Massachusetts Court Discusses Determining if the Workers’ Compensation Act Precludes a Civil Claim

People who are treated adversely at work will often pursue civil claims against their employers. While they are generally permitted to do so, depending on the nature of their claims, they may be precluded by the Massachusetts Workers’ Compensation Act (the Act). For example, the exclusivity provisions of the Act can operate to bar claims asserting emotional harm, as demonstrated in a recent Massachusetts ruling. If you suffered physical or emotional harm at work, it is smart to talk to a Massachusetts workers’ compensation attorney about your potential claims.

The Facts of the Case

It is alleged that the plaintiff worked for the employer as a hub specialist. She had two small children that she breastfed. When she was breastfeeding, she would frequently pump breast milk while working. She was granted permission to use a storage closet to pump and was advised it was a private space. She later learned, however, that there were cameras in the closet. She then filed a request for leave with the employer, stating that her request for accommodations for pumping breastmilk failed. The employer did not respond to her request. She subsequently filed a civil lawsuit against them, asserting an intentional infliction of emotional distress claim and other claims.

Determining if the Act Precludes a Civil Claim

The employer argued, among other things, that as the Act generally precluded employees from pursuing civil claims, like personal injury claims, against their employer, it barred the plaintiff’s intentional infliction of emotional distress claims. The court explained that to determine whether a plaintiff’s civil action against an employer is barred by the exclusivity provision of the Act, the courts must conduct a three part test.

First, the court has to determine if the plaintiff is an employee. Second, the court must assess whether the condition the plaintiff complains of constitutes a personal injury as defined by the Act. Third, the court needs to evaluate whether the plaintiff’s harm arose during the course of and out of their employment.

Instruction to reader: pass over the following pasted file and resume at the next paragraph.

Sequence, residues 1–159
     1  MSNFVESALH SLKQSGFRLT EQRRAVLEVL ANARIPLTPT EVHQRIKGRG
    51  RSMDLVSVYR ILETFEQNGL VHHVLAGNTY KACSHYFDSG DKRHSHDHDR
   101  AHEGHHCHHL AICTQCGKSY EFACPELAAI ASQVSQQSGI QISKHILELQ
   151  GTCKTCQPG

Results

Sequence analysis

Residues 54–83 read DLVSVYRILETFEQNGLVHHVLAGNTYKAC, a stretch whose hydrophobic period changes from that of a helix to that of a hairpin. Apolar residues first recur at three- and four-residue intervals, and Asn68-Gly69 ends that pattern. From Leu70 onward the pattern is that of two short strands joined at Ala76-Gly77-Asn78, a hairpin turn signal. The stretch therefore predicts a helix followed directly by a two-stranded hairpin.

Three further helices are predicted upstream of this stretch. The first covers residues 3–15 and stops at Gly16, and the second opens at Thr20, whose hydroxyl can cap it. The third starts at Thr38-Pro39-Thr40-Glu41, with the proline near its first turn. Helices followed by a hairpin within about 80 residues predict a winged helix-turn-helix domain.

In the subject case, the court noted that it was undisputed that the plaintiff was an employee of the employer and that her alleged harm arose in the course of and out of her employment. Additionally, the court noted that it was well established under Massachusetts law that intentional infliction of emotional distress claims fell under the exclusivity provisions of the Act. As such, the court found that the Act barred the plaintiff’s intentional infliction of emotional distress claim and granted the defendant’s motion to dismiss.

Consult a Knowledgeable  Massachusetts Workers’ Compensation Lawyer

Employers who cause their employees to suffer harm in the workplace may owe them workers’ compensation benefits, but in most cases, they will not be civilly liable for damages. If you sustained injuries while working, it is in your best interest to consult an attorney as soon as possible. James K. Meehan of the Law Office of James K. Meehan is a knowledgeable Massachusetts workers’ compensation lawyer with ample experience helping injured workers seek justice, and if you hire him, he will work tirelessly on your behalf. You can contact Mr. Meehan by calling 508-822-6600 or via the form online to set up a meeting.